Hello my name is Leroy F. Moore Jr,
I am a Black disabled writer, researcher, poet, songwriter, lecturer and activist. I am writing because I’m interested in sharing my knowledge of Black disabled history and music in Mississippi and the South. An explanation of my work/project is below.. I hope I’ll hear from you soon.
From Gospel to the Blues, to the dark side of lynching to the Black Civil Rights Movement, Mississippi and the whole South have a rich Black Disabled History that is not recognized as a whole. I would like to share my Blues poetry and artistic storytelling of some Black disabled artists and activists that helped change not only in Mississippi, the South but the whole country. Also the National Black Disabled Coalition with me are working on a Black disabled historical exhibit (more info on that soon). I’ve been on the college lecture circuit since 1998 but never had the opportunity to present/perform in Mississippi. Hit me back at Blackkrip@gmail.com
It doesn’t mean donating, it only means spreading my twenty plus years on Blackness and disability. Why Mississippi? Because I want to not only present my work from Slavery to Jim Crow to the Blues to police brutality to some of our Black disabled heroes and sheroes in the South and all across the USA to Hip-Hop from a Black disabled viewpoint, but also want to see first hand what my Black disabled ancestors created and laid down in Mississippi. I really want to walk or wheel in the footsteps of the late Josh White Sr. who led Black blind Blues musicians all around the South. I even tracked down and interviewed Josh White Jr.. In the early 2000’s I also interviewed The Blind Boys of Alabama and now I have interviewed one of the best Southern Hip-Hop journalist, Charlie R. Braxton of Mississippi. Why is this so important to me, because these are my Black disabled ancestors in Mississippi so before my body weakens even more, I want to make be in Mississippi to present my work, talk to historians and to see and walk in the shoes of my disabled ancestors etc.. Especially now with the new Civil Rights Museum that opened in Mississippi and other Black museums throughout the south it is so important to talk and display stories of Black disabled people that contribute to Black history and present.
Like I said above, I was blessed to interview Josh White Jr about his father who was a folk singer, activist, storyteller and was a guide boy of a lot of Black blind Blues artists all through the south back in the day. I think this story and so many more are so important for Black disabled people, Black disabled youth, and people in general! I’m no expert of the South but I know a lot of Black Disabled history and I would like to not only share it but to expand on it with others in Mississippi to help highlight this history within the larger Black history especially now with Mississippi’s two new museums to make sure that Black disabled youth see and read about people who look like them.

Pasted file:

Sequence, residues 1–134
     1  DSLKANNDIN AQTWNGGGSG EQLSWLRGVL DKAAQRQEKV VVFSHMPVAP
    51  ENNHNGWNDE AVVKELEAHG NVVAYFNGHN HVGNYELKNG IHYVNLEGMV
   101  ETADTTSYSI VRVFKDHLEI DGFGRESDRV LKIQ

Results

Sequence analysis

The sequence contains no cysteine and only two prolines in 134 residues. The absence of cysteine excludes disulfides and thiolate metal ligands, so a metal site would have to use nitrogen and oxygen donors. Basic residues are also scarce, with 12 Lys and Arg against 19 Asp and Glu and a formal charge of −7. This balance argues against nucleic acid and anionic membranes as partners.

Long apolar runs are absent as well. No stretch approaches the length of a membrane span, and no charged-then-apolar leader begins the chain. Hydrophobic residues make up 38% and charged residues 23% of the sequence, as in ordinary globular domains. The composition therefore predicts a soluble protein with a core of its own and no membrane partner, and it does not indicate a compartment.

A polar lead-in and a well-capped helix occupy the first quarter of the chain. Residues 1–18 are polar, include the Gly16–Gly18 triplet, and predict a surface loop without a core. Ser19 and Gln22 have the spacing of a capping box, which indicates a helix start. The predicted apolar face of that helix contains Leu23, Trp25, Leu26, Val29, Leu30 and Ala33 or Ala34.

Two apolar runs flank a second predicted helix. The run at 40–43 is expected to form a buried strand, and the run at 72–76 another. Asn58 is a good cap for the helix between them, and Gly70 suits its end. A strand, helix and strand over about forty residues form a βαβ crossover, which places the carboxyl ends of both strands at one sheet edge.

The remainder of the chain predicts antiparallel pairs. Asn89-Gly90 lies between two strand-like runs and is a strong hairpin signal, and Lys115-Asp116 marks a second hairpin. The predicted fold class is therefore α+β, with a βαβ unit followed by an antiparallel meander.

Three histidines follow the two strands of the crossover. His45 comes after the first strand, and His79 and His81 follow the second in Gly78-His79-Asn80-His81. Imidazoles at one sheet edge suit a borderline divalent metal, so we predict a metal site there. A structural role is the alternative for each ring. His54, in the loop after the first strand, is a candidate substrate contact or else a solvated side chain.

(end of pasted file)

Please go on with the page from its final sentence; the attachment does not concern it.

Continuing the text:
Please send me an email at Kriphopnation@gmail.com if you are interested. Enjoy this interview and thanks for reading my request.
The Blues Guide Boy Story From His Son, Josh White Jr. (Interview)
Leroy F. Moore Jr.: As a Black Disabled researcher, journalist and music scholar, I was excited when I read the book Josh White: Society Blues about his life. That is where I learned that he was a guide to most famous Blind Blues artists all through the South. Did your father share with you some of these stories?
Josh White Jr.: Leroy, he never talked about the blind men he led. There were 66 different blind black street singers my old man led. From the age of 7 to 16 and a half, none would teach him how to play. So he would pick up the guitar of whomever he was leading at the time when they would go off and do whatever they were going to do without their guitar and dad would play it in whatever tuning it was in and with his own raw talent he found his way.
Leroy F. Moore Jr.: I have always had this dream to walk your father’s path that he led blind Blues artists throughout the South. Did he ever share to you his path that he set in the South?
Josh White Jr.: Dad never did. The one story he did recount was watching the hanging of three young black men. I know whenever sang Strange Fruit, he was singing from the eyes of 7 years old.
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Pic: Yellow & Black Mississippi Blues Map Drawing of many Black Blues Artists